Television interview with Minister Butler and Karl Stefanovic, Today Show - 21 March 2024

Read the transcript of Minister Butler's interview with Karl Stefanovic on world leading vaping legislation introduced to Parliament.

The Hon Mark Butler MP
Minister for Health and Aged Care

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KARL STEFANOVIC, HOST: Well, Australia is moving forward with a world leading crackdown on vapes, with the Federal Government introducing a new law to ban the importation and supply of e-cigarettes. We're joined now by Health Minister, Mark Butler, in Canberra. Mark, good morning to you. You're going to be introducing new offences and civil penalties for anyone who imports or supplies vapes. What's that going to look like?
MINISTER FOR HEALTH AND AGED CARE: We're very serious about this. It is a huge opportunity, Karl, for the Parliament to do something really meaningful and lasting for the health of young Australians. And these laws which will ban the sale, the supply, the manufacture, and the advertising of vapes other than for genuine therapeutic purposes, are going to have very strong offences behind them. They're going to be backed up by terms of imprisonment up to seven years, fines of up to $2.2 million, because we are determined to stamp out this public health menace which is particularly affecting our youngest Australians.
STEFANOVIC: You might have a fight on your hands, the Nationals and the Greens, because they don't mind a smoke every now and then, are both criticising these plans. Are you prepared to make concessions to get this legislation passed?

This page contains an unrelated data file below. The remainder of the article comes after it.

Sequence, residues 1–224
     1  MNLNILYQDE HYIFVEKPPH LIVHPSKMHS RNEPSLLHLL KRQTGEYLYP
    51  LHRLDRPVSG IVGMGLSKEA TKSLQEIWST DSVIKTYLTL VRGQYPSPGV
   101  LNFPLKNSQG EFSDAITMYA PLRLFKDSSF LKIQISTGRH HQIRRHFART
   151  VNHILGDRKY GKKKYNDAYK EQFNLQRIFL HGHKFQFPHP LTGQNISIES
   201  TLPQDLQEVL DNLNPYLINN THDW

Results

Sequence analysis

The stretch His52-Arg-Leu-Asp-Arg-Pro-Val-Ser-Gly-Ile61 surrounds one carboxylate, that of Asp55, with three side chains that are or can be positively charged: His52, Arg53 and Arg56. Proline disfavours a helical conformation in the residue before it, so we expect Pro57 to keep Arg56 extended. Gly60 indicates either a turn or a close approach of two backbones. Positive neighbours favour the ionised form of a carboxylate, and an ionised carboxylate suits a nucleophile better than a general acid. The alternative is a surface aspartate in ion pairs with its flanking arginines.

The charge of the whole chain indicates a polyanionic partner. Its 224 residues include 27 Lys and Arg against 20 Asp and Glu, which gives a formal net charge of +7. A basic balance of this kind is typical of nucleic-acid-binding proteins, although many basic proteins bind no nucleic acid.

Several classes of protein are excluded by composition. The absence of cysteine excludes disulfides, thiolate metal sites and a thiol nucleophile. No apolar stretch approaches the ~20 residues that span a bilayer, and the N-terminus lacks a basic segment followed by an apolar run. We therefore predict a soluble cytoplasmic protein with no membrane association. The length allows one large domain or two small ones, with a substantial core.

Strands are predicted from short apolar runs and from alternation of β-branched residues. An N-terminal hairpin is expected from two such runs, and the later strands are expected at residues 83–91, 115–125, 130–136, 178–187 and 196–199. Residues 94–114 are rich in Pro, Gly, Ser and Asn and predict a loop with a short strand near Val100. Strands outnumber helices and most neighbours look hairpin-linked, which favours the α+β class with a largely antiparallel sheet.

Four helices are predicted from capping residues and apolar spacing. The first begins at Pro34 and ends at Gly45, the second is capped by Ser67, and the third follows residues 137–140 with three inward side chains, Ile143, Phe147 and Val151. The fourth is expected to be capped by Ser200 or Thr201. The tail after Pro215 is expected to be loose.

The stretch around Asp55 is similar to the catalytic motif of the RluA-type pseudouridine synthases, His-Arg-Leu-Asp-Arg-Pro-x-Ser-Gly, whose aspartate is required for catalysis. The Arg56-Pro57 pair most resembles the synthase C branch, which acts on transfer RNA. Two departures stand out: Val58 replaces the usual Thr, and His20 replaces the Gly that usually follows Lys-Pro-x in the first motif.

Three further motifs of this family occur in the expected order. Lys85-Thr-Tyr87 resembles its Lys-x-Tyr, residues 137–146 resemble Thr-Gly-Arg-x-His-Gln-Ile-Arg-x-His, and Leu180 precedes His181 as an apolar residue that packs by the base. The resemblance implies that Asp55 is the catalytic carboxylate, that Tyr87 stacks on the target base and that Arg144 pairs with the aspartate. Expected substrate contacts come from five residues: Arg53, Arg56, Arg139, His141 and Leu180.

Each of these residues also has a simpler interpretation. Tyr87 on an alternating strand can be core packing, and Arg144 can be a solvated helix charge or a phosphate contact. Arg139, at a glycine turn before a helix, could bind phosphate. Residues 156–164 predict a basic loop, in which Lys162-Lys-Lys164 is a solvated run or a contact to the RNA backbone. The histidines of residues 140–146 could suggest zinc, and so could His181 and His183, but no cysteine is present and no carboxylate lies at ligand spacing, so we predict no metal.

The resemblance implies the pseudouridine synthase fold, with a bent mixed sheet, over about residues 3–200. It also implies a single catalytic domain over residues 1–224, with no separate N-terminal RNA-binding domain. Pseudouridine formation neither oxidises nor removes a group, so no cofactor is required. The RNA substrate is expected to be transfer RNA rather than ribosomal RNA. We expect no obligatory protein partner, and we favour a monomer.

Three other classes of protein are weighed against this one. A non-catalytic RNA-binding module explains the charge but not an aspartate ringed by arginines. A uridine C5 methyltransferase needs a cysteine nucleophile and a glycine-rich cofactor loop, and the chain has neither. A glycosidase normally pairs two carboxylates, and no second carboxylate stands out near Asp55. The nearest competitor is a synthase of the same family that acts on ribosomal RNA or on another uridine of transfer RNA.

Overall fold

BUTLER: The laws I'm introducing to Parliament today have been the subject of long consultation. We had hundreds and hundreds of submissions from parent groups, from school communities, who are really worried about this now as the number one behavioural issue in their schools, but also obviously public health experts, tobacco control experts as well. So, we think these laws are well crafted. But of course, going through the parliamentary process, I'm going to be very willing to engage with parliamentary colleagues across the aisle - the opposition and the crossbench. I do reinforce, though, this is a very rare opportunity to do something really meaningful and lasting for the health of young Australians. And I really hope parliamentarians across the aisle take it up.
STEFANOVIC: You won't regulate under any circumstances?
BUTLER: The only groups that are arguing for us really to raise the white flag and accept this as just something on the shelves of Australian stores going forward, are the tobacco industry and tobacco retailers, those people who are profiting from this product that's causing really serious damage to our young people.
STEFANOVIC: When you saw Donald Trump unloading on Kevin Rudd yesterday, you must have felt like a vape?
BUTLER: Look, we know this is going to be a vigorous political - I can hear people laughing in the background there, Karl - I did not feel like a vape. Might have had another cup of coffee, which is my particular problem and challenge. But I think Kevin Rudd is very widely respected right across the aisle. He's bringing his usual work ethic to networking in America, as he did so notoriously here in Australia. He's widely sought out for his advice, particularly around China and Xi Jinping in particular. So, we're very confident that whatever happens in November, he'll be able to work with all US administrations.
STEFANOVIC: Okay. Good to talk to you.
BUTLER: Thanks, Karl.

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